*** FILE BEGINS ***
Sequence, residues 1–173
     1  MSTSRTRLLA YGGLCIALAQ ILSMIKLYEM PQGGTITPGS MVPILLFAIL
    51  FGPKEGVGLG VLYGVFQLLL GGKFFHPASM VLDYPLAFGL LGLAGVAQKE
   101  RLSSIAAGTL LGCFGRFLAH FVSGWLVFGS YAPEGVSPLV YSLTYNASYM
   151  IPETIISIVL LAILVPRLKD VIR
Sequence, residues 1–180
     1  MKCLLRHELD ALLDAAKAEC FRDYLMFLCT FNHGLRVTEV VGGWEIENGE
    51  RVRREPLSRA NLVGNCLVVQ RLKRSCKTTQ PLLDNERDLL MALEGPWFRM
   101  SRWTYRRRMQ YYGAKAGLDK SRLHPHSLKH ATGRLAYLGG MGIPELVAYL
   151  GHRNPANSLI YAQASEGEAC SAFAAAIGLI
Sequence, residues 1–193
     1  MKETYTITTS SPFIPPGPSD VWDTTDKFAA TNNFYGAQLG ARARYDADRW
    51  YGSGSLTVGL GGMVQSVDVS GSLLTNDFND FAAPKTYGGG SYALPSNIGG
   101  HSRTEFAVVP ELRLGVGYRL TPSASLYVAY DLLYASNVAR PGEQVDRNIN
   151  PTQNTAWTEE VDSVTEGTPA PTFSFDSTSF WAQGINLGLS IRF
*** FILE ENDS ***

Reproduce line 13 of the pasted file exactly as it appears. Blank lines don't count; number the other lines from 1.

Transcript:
    51  YGSGSLTVGL GGMVQSVDVS GSLLTNDFND FAAPKTYGGG SYALPSNIGG